When I started to write this article on cutting the cord and getting all my TV via the Internet instead of cable or satellite I quickly realized that given the technology convergence, it wasn’t at all clear what I meant by “TV”.
It used to be very easy, TV was the device in your living room that received broadcast radio waves through an antenna either on top of the unit as “rabbit ears” or a bigger array on your roof. Can you imagine having one of those today? But with the plethora of video content on the web and the devices by which we can consume that content, the lines have been blurred to the extent of confusion.
So let me share my confusion with you. Is TV a device, or is it content, or is it delivery? What does it mean these days to say “I’m going to watch TV.”?
Can I “watch TV” on my tablet? If your answer is yes, then “TV” isn’t really a device.
Can go to the store and buy a TV? I think we all know the answer to that one, so that means TV is a device… right? OK, that’s a tricky one. Let’s ignore it for now.
If I “watch TV” on my tablet then clearly I’m referring to content, but is it only content from broadcast and cable channel providers meaning something you could watch on your device called a TV. This would imply that watching on demand video’s such as Netflix would not be “watching TV”? And if I am watching Netflix through my Roku or tablet streamed onto my device called a TV, am I watching TV?
Now, back to the concept of defining TV as being from broadcast and cable channel providers… what about web only content from a cable channel? I can watch Food Network’s “Chopped” on their channel, but if I want to watch “Chopped After Hours” I can only stream it from their website. So if I watch both of those on my tablet back to back, did I go from “watching TV” to not “watching TV”?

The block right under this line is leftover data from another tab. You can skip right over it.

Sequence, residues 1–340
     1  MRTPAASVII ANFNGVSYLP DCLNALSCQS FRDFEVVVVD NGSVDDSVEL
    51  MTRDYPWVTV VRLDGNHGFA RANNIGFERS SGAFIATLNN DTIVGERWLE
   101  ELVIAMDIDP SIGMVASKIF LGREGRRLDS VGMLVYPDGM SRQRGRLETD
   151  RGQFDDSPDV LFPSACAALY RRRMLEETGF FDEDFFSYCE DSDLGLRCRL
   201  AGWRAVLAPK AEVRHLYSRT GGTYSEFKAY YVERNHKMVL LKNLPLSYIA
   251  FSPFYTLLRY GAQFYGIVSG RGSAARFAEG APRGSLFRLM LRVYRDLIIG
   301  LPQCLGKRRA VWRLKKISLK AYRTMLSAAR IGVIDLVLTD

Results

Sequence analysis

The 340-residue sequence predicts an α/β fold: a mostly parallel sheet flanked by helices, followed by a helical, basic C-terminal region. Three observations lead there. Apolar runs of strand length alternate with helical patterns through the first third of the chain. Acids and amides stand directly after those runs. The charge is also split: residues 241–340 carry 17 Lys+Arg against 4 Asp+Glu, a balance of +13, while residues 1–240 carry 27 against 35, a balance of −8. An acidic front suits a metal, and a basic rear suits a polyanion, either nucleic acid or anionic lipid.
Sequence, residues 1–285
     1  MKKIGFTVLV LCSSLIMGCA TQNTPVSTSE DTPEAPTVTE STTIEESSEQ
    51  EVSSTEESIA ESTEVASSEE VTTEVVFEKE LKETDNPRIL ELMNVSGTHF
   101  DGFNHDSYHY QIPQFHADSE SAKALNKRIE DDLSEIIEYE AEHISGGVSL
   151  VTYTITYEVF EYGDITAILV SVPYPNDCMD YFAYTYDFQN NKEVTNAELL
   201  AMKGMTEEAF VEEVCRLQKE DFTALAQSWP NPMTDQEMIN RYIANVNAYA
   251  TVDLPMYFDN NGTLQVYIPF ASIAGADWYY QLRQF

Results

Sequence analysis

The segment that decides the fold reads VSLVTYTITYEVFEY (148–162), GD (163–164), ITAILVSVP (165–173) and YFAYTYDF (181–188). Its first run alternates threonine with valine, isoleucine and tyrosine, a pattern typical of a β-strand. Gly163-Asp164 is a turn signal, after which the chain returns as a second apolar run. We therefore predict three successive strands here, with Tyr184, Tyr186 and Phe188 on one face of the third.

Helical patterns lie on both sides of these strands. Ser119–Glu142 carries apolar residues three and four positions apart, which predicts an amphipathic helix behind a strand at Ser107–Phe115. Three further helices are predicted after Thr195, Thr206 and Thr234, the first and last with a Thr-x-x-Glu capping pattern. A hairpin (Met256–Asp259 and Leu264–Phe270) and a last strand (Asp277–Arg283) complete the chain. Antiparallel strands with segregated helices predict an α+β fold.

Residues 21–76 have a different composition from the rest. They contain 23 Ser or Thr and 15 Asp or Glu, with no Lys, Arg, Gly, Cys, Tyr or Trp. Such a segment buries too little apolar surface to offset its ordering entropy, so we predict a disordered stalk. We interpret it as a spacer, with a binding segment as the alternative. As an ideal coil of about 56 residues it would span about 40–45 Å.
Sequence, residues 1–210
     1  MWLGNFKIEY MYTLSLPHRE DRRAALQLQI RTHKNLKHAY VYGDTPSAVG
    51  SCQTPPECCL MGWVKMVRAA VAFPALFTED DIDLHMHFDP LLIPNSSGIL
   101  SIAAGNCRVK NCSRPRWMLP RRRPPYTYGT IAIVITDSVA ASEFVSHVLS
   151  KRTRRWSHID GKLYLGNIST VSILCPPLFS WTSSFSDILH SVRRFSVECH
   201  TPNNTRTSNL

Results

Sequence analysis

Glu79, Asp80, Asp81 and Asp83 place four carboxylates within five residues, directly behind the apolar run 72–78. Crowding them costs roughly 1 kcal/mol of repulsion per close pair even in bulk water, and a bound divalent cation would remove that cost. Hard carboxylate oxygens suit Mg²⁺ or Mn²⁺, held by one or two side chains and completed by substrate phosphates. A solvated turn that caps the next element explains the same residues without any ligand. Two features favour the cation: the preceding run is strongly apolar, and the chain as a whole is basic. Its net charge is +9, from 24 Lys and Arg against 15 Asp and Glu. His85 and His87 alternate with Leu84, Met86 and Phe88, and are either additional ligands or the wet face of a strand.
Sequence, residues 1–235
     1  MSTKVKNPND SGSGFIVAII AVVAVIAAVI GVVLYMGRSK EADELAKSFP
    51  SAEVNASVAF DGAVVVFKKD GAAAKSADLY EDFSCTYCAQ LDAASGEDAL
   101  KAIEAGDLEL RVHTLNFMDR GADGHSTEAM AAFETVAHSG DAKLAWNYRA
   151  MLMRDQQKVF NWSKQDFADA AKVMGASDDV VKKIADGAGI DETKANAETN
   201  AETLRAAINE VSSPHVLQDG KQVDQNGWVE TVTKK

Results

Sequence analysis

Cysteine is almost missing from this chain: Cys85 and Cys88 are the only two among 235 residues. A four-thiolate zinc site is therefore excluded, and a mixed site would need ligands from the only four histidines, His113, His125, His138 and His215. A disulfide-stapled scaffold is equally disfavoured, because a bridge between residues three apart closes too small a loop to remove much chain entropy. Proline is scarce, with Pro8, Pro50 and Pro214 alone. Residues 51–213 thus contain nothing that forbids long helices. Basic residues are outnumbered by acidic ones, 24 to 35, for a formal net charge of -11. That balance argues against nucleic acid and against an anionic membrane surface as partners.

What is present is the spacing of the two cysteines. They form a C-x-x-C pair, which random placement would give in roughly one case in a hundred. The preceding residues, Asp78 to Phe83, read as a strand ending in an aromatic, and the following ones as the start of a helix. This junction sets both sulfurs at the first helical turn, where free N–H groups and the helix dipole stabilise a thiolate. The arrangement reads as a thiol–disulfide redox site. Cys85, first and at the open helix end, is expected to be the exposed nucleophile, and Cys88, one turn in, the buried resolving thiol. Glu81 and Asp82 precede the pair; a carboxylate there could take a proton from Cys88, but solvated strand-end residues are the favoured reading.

What if I’m watching a “TV show” such as NBC’s “Friday Night Lights” on Netflix… on my phone? Is that “watching TV”?
This can go on forever. Basically what I’m saying is that the term “TV” is meaningless today. It’s all about consuming video content. And for me I think it is time to cut the cord (specifically dump the satellite dish – and associated monthly bill) and join the throng moving to web only. And why not? Why am I paying $100 per month for 600 channels of which we watch two or three? And if it weren’t for DVR so that I can do it on my schedule and skip commercials, I wouldn’t even watch that much. But with the web, it’s all on demand.
The cable and satellite companies have to be scrambling to figure out how to remain relevant. The only thing they’ll have left to offer is bandwidth onto the Internet, and the satellite companies have always struggled with providing that as a service. Oh well, enough for today. I think I’ll go consume some video content.